The offices of Prayer he had in his Church, not only upon the Sundaies and Festivals and their Eves, as also Wednesdaies and Fridaies, according to the appointment of the Rubrick; (which strict duty and ministration when 'tis examined to the bottom will prove the greatest objection against the Liturgy; as that which, besides its own trouble and austerity, leaves no leisure for factious and licentious meetings at Fairs and Markets) but every day in the week, and twice on Saturdaies and Holy-day Eves: For his assistance wherein he kept a Curate, and allow'd him a comfortable Salary. And at those Devotions he took order that his Family should give diligent and exemplary attendance: which was the easilier perform'd, it being guided by his Mother, a woman of ancient Vertue, and one to whom he paid a more then filial Obedience.

As to the Administration of the Sacrament, he reduced it to an imitation, though a distant one, of Primitive frequency, to once a moneth, and therewith its anciently inseparable Appendant, the Offertory: wherein his instruction and happily-insinuating Example so farre prevail'd, that there was thenceforth little need of ever making any taxe for the poor. Nay, (if the report of a sober person born and bred up in that Parish, be to be believ'd) in short time a stock was rais'd to be alwaies ready for the apprentising of young Children, whose Parents condition made the provision for them an equal Charity to both the Child and Parent. And after this there yet remain'd a Superplusage for the assistance of the neighbour Parishes.

For the Relief of the Poor, besides the foremention'd Expedient, wherein others were sharers with him, unto his private Charity, the dedicating the tenth of all receits, and the daily Almes given at the door, he constantly set apart over and above every week a certain rate in money: and however rarely his own rent-dayes occurr'd, the indigent had two and fifty quarter-daies returning in his year. Yet farther, another art of Charity he had, the selling Corn to his poor Neighbours at a rate below the Market-price: which though, as he said, he had reason to doe, gaining thereby the charge of portage; was a great benefit to them, who besides the abatement of price, and possibly forbearance, saved thereby a daies-work.

He that was thus liberal to the necessitous poor, was no less hospitable to those of better quality: and as at other times he frequently invited his Neighbours to his table, so more especially on Sundayes; which seldome past at any time without bringing some of them his guests: but here beyond the Weekly treatments, the Christmas Festival had a peculiar allowance to support it. He knew well how much the application at the Table inforc'd the doctrines of the Pulpit, and how subservient the endearing of his person was to the recommending his instructions, how far upon these motives our Saviour thought fit to eat with publicans and sinners, and how effectual the loaves were to the procuring of Disciples.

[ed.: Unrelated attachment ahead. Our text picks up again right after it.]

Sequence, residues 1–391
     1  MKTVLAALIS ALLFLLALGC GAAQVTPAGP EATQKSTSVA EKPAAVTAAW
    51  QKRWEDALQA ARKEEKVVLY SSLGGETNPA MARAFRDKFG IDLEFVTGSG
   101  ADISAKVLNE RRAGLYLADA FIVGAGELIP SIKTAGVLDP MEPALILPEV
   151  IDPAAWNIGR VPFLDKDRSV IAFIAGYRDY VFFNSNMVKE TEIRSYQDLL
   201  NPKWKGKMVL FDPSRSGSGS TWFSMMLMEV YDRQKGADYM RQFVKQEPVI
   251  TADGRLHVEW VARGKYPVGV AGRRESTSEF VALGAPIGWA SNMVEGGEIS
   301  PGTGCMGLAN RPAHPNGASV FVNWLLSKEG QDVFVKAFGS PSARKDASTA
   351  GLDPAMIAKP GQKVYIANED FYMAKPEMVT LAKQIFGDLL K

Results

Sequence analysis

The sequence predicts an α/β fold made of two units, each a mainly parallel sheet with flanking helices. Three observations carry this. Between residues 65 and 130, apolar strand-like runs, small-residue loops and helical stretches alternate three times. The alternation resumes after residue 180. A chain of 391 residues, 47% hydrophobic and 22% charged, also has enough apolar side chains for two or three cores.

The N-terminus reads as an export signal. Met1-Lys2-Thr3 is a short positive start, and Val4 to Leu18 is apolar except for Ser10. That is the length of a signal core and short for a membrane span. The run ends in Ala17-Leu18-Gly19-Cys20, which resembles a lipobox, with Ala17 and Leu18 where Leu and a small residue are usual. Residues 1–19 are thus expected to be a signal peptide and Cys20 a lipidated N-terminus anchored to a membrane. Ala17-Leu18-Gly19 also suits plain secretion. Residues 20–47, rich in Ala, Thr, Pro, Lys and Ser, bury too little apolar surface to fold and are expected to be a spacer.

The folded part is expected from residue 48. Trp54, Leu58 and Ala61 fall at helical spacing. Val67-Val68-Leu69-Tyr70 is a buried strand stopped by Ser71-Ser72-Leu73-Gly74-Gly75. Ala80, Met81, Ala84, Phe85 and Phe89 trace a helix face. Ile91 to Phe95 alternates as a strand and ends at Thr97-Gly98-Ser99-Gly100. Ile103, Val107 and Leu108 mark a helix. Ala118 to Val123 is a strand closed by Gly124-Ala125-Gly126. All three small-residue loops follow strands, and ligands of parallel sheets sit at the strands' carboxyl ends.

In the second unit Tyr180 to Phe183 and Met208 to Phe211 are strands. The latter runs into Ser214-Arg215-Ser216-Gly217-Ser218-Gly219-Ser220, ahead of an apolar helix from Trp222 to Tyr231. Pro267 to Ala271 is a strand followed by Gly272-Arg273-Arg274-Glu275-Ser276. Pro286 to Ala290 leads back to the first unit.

In accordance to which his generous freedome in Almes and Hospitality, he farther obliged his Parishioners in the setting of their Tithes and Dues belonging to him: for though he very well understood how prone men are to give complaints in payment, and how little obligation there is on him that lets a bargain to consider the casual loss, who is sure never to share in a like surplusage of gain; yet herein he frequently departed from his right, in so much that having set the Tith of a large Medow, and upon agreement received part of the money at the beginning of the year; it happening that the profits were afterwards spoiled and carried away by a flood, he, when the Tenant came to make the last paiment, not onely refus'd it, but returned the former summe, saying to the poor man, God forbid I should take the Tenth where you have not the nine parts.

As by publick admonition he most diligently instill'd that great fundamental doctrine of Peace and Love, so did he likewise in his private address and conversation, being never at peace in himself, till he had procur'd it amongst his Neighbours; wherein God so blest him, that he not onely attain'd his purpose of uniting distant parties unto each other, but, contrary to the usual fate of reconcilers, gain'd them to himself: there having been no person of his function any where better beloved then he when present, or lamented more when absent, by his flock. Of which tender and very filial affection, in stead of more, we may take two instances: the one, that he being driven away, and his books plundered, one of his Neighbours bought them in his behalf, and preserved them for him till the end of the War: the other, that during his abode at Pensehurst he never had any vexatious law dispute about his dues, but had his Tithes fully paid, and not of the most refuse parts, but generally the very best.

Though he judged the time of Sickness an improper season for the great Work of Repentance; yet he esteemed it a most useful preparative, the voice of God himself exhorting to it: and therefore not onely when desir'd made his Visits to all such as stood in need of those his charities, but prevented their requests by early and by frequent coming to them. And this he was so careful of, that after his remove from Pensehurst, being at Oxford, and hearing of the Sickness of one of his Parishioners, he from thence sent to him those instructions which he judg'd useful in that Exigent, and which he could not give at nearer distance.